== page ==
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Elon Musk caused a media whirlwind during his £38.1 billion takeover of Twitter, becoming the newly appointed Chief Executive. There are many employment law issues which have arisen from his handling of the takeover. However, in this article I will look at whether employers can revoke a policy which has allowed employees to work from home for a lengthy period of time.
Following the COVID-19 pandemic, we saw a landmark shift in businesses embracing remote working. However, some employers are now looking to dial back on remote working in favour of a hybrid and/or office-based model.
Any employer wishing to revoke a remote working policy must approach with caution. Employers need to stay mindful of the impact any sudden change may have on the workforce. The first thing that an employer should consider when deciding whether to change their working from home policies, are their employees’ contracts of employment.
Many employers’ hybrid working policies are not contractual in nature but implemented due to the implications of COVID-19. Depending on how long the employee has been allowed to work from other locations, the policy could be regarded as an implied term of the contract through custom and practice. Therefore, deciding to reverse or amend the policy without the employee’s consent, whether it was contractual or not, could amount to a unilateral change of an employee’s contract of employment, amounting to a breach of contract. This may enable the employee to resign and lodge proceedings with the Industrial Tribunal for constructive unfair dismissal.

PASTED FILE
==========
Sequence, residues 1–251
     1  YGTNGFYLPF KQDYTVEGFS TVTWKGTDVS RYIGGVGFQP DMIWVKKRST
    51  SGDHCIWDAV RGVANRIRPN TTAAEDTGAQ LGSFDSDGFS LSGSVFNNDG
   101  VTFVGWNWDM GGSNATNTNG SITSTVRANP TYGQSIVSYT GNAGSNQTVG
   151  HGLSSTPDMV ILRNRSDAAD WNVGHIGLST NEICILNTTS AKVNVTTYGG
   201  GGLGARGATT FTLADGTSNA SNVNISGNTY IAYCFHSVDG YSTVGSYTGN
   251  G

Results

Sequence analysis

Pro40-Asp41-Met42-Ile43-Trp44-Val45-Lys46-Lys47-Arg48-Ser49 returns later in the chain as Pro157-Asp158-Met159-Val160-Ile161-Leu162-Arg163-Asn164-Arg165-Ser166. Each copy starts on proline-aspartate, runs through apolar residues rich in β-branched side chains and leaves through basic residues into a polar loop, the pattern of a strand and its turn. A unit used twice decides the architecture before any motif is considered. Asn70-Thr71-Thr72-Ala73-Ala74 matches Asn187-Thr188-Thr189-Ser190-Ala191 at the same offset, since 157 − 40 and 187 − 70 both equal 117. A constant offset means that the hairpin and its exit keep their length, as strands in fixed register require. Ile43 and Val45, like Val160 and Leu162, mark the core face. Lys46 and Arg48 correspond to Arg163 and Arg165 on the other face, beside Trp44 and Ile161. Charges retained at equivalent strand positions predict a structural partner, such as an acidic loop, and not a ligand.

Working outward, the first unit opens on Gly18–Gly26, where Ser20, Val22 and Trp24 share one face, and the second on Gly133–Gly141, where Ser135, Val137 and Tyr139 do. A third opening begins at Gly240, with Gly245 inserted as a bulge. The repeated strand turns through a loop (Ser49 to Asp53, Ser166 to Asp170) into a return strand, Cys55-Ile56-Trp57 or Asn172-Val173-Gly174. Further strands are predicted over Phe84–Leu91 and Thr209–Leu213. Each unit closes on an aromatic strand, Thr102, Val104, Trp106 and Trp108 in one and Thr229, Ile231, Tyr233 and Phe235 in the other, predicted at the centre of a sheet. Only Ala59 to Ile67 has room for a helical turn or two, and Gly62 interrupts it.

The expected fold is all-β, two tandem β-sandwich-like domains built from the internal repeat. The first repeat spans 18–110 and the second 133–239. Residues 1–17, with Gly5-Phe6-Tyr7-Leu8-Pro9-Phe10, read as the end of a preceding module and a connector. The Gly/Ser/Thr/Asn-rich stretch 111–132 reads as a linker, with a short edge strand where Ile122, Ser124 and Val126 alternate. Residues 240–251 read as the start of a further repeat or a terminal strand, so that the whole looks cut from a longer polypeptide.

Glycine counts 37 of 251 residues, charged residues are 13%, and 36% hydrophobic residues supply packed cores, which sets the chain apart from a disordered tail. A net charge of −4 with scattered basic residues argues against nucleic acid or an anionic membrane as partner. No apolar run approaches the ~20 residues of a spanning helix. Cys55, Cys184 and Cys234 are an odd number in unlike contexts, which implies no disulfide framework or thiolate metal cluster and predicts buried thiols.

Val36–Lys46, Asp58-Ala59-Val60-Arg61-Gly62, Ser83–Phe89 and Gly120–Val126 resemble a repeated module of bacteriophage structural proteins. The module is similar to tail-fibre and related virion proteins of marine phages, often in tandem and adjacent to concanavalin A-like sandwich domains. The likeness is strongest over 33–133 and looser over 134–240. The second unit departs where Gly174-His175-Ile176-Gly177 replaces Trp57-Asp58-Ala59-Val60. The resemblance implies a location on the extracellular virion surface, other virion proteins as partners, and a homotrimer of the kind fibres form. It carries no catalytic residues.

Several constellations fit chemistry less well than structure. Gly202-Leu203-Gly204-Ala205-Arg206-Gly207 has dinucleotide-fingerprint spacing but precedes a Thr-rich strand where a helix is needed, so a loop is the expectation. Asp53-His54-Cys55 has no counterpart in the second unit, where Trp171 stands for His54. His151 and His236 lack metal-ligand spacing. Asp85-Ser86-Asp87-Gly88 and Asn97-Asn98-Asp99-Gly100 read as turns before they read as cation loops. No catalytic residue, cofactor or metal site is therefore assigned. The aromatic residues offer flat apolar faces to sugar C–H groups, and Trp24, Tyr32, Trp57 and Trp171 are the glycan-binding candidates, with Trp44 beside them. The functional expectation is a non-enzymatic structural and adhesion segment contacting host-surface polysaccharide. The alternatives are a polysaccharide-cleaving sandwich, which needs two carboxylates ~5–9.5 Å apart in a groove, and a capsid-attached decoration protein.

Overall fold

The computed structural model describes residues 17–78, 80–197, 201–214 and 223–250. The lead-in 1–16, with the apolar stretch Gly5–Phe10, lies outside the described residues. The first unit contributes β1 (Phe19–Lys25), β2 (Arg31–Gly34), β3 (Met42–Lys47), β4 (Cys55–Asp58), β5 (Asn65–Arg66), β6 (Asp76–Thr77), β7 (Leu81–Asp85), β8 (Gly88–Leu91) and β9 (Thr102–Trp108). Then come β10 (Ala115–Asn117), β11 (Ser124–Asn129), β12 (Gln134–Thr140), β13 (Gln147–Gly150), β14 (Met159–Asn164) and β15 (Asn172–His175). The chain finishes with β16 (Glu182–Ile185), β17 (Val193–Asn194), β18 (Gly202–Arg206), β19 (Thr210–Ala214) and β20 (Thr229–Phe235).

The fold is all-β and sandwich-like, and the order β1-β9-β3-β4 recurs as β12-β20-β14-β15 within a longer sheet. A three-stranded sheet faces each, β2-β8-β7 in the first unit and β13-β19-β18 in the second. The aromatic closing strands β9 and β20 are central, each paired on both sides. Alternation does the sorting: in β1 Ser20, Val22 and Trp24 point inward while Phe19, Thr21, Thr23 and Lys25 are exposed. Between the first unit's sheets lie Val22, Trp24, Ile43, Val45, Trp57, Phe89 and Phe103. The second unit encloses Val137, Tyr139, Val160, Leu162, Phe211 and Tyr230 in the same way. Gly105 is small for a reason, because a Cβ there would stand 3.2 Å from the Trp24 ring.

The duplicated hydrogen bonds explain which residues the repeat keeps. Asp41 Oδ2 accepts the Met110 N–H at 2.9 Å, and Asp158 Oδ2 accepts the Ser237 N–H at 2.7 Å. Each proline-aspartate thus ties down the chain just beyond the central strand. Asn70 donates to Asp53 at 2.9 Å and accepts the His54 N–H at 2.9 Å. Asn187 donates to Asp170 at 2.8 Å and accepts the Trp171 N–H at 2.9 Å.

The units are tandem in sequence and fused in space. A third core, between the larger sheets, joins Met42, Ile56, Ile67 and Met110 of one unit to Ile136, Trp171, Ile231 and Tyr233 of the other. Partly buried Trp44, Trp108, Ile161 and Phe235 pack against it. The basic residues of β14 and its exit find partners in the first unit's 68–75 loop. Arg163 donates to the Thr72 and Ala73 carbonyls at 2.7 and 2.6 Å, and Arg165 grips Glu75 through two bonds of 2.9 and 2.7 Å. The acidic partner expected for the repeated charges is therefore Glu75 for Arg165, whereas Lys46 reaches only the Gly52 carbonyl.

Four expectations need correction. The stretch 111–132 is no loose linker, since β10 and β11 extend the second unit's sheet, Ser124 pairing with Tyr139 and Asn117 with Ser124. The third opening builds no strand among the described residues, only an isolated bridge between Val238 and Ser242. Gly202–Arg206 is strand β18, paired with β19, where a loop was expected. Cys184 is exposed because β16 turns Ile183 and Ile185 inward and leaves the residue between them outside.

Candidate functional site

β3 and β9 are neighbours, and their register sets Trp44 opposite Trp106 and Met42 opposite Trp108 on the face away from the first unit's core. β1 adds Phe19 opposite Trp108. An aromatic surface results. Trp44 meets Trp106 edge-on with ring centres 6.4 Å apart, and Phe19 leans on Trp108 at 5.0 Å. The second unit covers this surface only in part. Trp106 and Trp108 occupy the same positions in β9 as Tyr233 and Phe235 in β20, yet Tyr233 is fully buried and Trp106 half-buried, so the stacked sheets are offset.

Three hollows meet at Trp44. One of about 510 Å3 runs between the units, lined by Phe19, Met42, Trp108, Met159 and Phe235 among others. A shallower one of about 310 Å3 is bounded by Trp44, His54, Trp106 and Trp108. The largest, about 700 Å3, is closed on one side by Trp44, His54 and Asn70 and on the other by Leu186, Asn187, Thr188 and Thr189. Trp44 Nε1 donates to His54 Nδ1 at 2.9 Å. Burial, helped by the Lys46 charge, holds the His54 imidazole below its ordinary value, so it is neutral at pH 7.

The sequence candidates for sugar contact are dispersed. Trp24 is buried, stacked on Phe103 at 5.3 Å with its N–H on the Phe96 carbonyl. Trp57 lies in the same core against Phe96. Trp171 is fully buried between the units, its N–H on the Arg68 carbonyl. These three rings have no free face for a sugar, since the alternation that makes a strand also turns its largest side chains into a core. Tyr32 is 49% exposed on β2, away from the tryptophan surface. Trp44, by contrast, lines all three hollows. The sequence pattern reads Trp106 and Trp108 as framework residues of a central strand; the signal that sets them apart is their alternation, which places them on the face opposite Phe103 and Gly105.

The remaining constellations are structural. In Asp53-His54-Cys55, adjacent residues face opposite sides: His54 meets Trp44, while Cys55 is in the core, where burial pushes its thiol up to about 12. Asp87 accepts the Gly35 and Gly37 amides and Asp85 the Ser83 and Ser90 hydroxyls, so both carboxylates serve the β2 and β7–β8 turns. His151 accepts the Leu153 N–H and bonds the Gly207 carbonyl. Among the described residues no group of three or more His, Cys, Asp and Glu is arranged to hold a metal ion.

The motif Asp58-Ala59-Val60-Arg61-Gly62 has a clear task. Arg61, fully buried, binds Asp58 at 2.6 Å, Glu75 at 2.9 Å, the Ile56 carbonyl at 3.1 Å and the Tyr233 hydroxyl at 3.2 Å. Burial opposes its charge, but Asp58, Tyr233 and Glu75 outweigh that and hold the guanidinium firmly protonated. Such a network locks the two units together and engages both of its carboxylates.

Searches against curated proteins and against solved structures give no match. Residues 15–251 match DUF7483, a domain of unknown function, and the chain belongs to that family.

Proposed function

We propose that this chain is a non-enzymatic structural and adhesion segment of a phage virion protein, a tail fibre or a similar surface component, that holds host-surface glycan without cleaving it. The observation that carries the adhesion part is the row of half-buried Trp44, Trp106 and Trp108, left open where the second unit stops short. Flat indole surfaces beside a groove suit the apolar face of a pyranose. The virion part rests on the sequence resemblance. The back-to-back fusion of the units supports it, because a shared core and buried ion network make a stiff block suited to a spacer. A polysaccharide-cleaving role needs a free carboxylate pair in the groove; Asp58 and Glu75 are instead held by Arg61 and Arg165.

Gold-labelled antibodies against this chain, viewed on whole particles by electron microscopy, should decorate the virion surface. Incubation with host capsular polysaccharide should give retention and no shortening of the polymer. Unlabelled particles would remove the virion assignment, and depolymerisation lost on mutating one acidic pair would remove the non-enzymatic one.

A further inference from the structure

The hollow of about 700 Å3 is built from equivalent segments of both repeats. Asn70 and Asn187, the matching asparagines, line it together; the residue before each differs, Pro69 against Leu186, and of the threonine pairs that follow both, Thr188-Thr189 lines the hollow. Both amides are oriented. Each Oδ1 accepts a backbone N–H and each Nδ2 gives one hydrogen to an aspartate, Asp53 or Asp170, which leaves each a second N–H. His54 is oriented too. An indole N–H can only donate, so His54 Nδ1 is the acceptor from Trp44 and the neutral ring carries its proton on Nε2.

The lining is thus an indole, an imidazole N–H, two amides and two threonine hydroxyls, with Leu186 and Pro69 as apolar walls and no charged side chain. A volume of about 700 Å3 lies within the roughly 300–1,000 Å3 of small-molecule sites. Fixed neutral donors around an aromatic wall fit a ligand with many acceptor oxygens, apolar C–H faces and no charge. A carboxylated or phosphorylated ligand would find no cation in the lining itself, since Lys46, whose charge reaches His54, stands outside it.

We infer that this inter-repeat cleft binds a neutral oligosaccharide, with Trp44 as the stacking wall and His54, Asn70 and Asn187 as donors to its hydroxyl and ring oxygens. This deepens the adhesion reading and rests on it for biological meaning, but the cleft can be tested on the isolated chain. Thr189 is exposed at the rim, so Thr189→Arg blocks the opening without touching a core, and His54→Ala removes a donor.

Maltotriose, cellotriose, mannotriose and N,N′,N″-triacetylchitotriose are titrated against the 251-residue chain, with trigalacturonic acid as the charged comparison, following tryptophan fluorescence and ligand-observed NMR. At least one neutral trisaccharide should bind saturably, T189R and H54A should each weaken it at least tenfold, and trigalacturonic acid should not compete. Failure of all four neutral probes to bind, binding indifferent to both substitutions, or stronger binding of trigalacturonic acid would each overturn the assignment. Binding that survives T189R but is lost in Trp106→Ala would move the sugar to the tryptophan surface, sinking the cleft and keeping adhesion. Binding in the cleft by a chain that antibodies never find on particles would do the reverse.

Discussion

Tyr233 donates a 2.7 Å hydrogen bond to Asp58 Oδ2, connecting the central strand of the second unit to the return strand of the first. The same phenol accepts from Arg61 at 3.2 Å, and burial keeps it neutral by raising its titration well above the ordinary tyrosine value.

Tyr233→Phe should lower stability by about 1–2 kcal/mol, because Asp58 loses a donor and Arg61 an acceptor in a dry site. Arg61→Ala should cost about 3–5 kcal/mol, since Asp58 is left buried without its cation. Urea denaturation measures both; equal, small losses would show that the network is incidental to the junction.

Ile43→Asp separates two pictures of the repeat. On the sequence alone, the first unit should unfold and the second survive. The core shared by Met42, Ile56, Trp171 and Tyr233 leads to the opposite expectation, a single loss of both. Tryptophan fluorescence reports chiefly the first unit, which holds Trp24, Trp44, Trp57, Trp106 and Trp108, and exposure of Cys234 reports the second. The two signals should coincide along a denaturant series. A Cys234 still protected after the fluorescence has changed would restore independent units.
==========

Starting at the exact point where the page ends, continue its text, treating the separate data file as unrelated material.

Employers should review the wording within the policy and if it clearly states that the policy is subject to review, it may allow the employer greater flexibility when wanting to make changes. However, when wishing to amend the policy, employers should ensure they do so within previously agreed agreements and/or adopt a reasonable approach. Employers should consider discussing the proposed changes with the employees and consider the following:
Further consideration should be given to employees who have been working remotely due to a disability or caring responsibilities. Therefore, any provision, criterion or practice that an employer is deciding to make or change should be assessed to ensure that it is not putting certain employees at a disadvantage which could amount to indirect discrimination. Employers have a duty to make reasonable adjustments for workers with a disability, or caring responsibilities, which may include allowing flexible working.
Employers should have a clear and credible business rationale for the changes sought. However, it is important that employers maintain clear and open communication and conduct a transparent consultation process with staff. Involving employees in the conversation and allowing them to partake in any decision ensures staff feel included and heard; this can help employers to retain talent and ensure staff are happy and motivated.
If you require any further advice which relates to this article please do not hesitate to contact our Employment team.
This article has been produced for general information purposes and further advice should be sought from a professional advisor.